WORTHINGTON -- It is not yet clear how the recent closure of a small radiologic technology program in Willmar will affect Minnesota West's Luverne program.
Rice Memorial Hospital in Willmar announced last month it would discontinue its long-standing program to train radiologic technologists.
According to the West Central Tribune, the last class will graduate in 2012, but the application process for the two-year education program has ended. The program admits six students per year.
Hospital officials cited the cost of the program, around $300,000 per graduating class, as the reason for eliminating the School of Radiologic Technology.
The Radiologic Technology Program offered through the Luverne Educational Center for Health Careers, part of the Minnesota West system, is a 24-consecutive-month program that allows a maximum of 24 students at a time, said Tonya Koepsell, the program director.
Twenty-one students are currently enrolled in the program; 13 in their first year and eight in their second.
"The program started in 2007 based on the fact there was a strong need in rural communities for registered radiographers," Koepsell explained. "We're a relatively new program. I do think we'll be sustainable because we have great support from our college and surrounding communities. We're fiscally responsible."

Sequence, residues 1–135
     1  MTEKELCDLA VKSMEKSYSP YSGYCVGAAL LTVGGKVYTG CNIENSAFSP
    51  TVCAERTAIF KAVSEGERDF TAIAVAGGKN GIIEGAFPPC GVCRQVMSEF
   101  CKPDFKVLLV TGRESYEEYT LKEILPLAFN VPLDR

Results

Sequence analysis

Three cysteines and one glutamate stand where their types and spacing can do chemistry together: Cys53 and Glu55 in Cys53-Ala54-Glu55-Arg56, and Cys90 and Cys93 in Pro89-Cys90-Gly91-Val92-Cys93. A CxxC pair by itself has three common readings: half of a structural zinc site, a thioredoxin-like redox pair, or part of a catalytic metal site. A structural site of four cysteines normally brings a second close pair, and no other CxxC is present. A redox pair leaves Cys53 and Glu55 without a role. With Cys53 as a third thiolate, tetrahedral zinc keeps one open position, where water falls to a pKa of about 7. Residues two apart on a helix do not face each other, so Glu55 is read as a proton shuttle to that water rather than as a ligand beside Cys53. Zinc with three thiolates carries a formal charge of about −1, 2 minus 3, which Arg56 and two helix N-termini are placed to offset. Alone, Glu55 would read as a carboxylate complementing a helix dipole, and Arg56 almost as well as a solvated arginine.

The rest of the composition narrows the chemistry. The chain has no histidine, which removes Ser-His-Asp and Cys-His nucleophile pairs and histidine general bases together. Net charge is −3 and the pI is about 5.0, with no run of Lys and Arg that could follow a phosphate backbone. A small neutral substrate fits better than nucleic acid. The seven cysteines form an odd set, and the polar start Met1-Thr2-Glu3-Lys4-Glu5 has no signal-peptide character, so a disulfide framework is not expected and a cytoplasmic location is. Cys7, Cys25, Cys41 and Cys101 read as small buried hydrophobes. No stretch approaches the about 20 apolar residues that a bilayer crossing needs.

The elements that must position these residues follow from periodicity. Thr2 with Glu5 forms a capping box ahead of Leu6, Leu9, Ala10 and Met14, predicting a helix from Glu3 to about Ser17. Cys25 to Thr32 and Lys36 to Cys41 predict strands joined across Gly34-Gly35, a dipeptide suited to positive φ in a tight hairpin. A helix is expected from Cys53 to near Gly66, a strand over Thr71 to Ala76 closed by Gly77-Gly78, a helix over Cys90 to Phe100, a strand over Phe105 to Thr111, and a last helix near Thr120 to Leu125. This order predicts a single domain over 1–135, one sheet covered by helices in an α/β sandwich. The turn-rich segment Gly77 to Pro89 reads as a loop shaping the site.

There is usually a waiting list for the program, and 30 people have applied for the coming year.
"In general we have the interest," she said. "The problem is retaining students in the program. People think this is what they want to do and then they find out it's not."
Because of the small number of students in the Rice program in Willmar, Koepsell said she isn't sure how the program's closure could affect enrollment in the Minnesota West program, but left open the potential for partnerships in that area.
"We are willing to check into any clinical affiliates in the Willmar area to send students there in order to grow our program," she added.
Laura Grevas writes for the Worthington Daily Globe, which is owned by Forum Communications Co.